Liked by 2 people

    3. The Roman way during the time of their empire(which was late in their history) was to culturally assimilate the locals via cultivating the local elites. People that cooperated with Rome benefited from all the trade and commerce facilitated by the empire. The Roman army and engineers would build them fora, theaters, bathhouses, aqueducts, and temples. The local elites would be encouraged to give their children a Roman education. Tacitus wrote about this process as it was occurring in Britain with the Celtic peoples there. That was the soft power method. The ones that did not cooperate were punished in various ways. One common way was that the Romans would give their support to that tribes rivals and enemies. If the Romans really wanted the land, they would just invade. The vanquished might be deported and others moved onto their land. They might have their walls and forts demolished. They might be enslaved. Their leaders might be sent to Rome in chains, or be crucified. All of those could happen at once.

      Tacitus wrote about the subjection of the British peoples as it was ongoing in his biography of Agricola:
      “The following winter passed without disturbance, and was employed in salutary measures. For, to accustom to rest and repose through the charms of luxury a population scattered and barbarous and therefore inclined to war, Agricola gave private encouragement and public aid to the building of temples, courts of justice and dwelling-houses, praising the energetic, and reproving the indolent. Thus an honourable rivalry took the place of compulsion. He likewise provided a liberal education for the sons of the chiefs, and showed such a preference for the natural powers of the Britons over the industry of the Gauls that they who lately disdained the tongue of Rome now coveted its eloquence. Hence, too, a liking sprang up for our style of dress, and the toga became fashionable. Step by step they were led to things which dispose to vice, the lounge, the bath, the elegant banquet. All this in their ignorance, they called civilization, when it was but a part of their servitude.”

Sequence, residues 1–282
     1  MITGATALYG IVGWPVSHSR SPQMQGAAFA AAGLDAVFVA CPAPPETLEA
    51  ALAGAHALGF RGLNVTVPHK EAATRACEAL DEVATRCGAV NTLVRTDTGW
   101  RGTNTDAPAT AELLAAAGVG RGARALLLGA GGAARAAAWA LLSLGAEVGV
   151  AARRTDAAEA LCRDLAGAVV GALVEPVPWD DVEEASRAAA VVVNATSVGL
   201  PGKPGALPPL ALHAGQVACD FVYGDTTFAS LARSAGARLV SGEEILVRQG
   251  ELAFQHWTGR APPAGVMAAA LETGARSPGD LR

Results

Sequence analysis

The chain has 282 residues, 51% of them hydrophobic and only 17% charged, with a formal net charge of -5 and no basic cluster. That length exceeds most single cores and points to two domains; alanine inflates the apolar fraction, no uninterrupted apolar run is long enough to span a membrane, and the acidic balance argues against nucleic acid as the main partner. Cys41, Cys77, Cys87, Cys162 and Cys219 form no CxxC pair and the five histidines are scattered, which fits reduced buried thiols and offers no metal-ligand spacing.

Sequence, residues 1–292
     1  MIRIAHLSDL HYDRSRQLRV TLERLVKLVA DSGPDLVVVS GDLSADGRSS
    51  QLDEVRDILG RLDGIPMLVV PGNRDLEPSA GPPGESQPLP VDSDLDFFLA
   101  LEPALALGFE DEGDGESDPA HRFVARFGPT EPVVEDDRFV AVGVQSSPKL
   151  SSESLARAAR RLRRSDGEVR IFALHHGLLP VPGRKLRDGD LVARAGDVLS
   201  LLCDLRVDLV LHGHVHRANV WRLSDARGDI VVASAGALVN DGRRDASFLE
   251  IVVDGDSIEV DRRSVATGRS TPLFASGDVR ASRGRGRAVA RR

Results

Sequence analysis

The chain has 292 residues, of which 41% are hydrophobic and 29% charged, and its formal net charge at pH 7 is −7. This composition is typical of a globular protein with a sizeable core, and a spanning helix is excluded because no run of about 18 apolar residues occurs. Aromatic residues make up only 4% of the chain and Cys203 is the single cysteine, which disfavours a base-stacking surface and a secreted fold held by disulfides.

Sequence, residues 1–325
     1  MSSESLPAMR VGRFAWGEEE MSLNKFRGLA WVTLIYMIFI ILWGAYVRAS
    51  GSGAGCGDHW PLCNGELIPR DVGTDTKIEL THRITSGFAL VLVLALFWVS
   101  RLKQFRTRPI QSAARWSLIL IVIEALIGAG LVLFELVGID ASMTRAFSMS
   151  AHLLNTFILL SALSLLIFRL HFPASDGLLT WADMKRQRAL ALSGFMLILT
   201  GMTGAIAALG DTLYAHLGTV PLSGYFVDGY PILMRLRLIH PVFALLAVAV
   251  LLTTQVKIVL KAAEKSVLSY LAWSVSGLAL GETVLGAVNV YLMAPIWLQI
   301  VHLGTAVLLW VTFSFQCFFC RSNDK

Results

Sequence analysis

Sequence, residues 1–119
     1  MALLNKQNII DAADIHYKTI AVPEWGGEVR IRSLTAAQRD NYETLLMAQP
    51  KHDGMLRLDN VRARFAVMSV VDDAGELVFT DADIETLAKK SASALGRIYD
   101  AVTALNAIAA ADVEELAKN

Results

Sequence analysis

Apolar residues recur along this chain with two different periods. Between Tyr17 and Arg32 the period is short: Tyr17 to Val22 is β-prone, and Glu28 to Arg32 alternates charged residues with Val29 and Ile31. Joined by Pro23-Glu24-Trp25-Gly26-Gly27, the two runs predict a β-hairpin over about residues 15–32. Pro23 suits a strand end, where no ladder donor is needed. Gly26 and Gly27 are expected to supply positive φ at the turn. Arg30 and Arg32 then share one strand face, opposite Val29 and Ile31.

Liked by 3 people

      1. Every time I read one of your comments K, I find something new that I could take an interest. Thank you. In the end they serve the empire for flesh pot, finery, and some quasi status serving a high servant. The bath house is a pretty good idea to do that.
        This questions me a bit about Islam. What is it they’re offering that is attracting new members?

        Liked by 1 person

        1. Rome is a tragic case to me. They did not start out as some empire set on absorbing everyone, they were not so different at first from the barbarians that they treated as their inferiors. Tacitus was actually a critic of Roman imperialism and the culture of his time. It comes through strongly in his writings(Germania and Agricola in particular), which he started right after the tyrannical emperor Domitian died. Many were hoping for some kind of restoration of the old liberties after that, but it never really happened.

          The Romans were religiously tolerant compared to Christians or Muslims, there is no question there. The Roman idea of religion, like other peoples in their area, was that of each tribe or city having its particular cults and traditions, and they had a great respect for anything old. New religions, they did not like very much, and early on in their history the Romans tried to resist foreign influence and religious innovation, though eventually this trend reversed. And their tolerance was not total. Augustus as high priest, for example, burned many books of Greek and Latin oracular verse. Also, the Romans banned practices that they considered witchcraft or magic, again Augustus provides an example. The philosopher and writer Apuleius was famously put on trial for practicing magic, though he was acquitted They also tended to kick out astrologers, at least periodically. Anything that involved night meetings was usually banned.

          I wonder how many converts Islam gets compared to people that leave it? Their birth rates are the main reason for the increase in numbers. But I have noticed that there are some converts. I can understand the appeal. We live in a time of confusion and anomie. That has been clear to me for a long time. Islam is a rigid system that provides all the answers one might need, and a purpose if they are looking for one. Whether those answers are worth anything is another matter.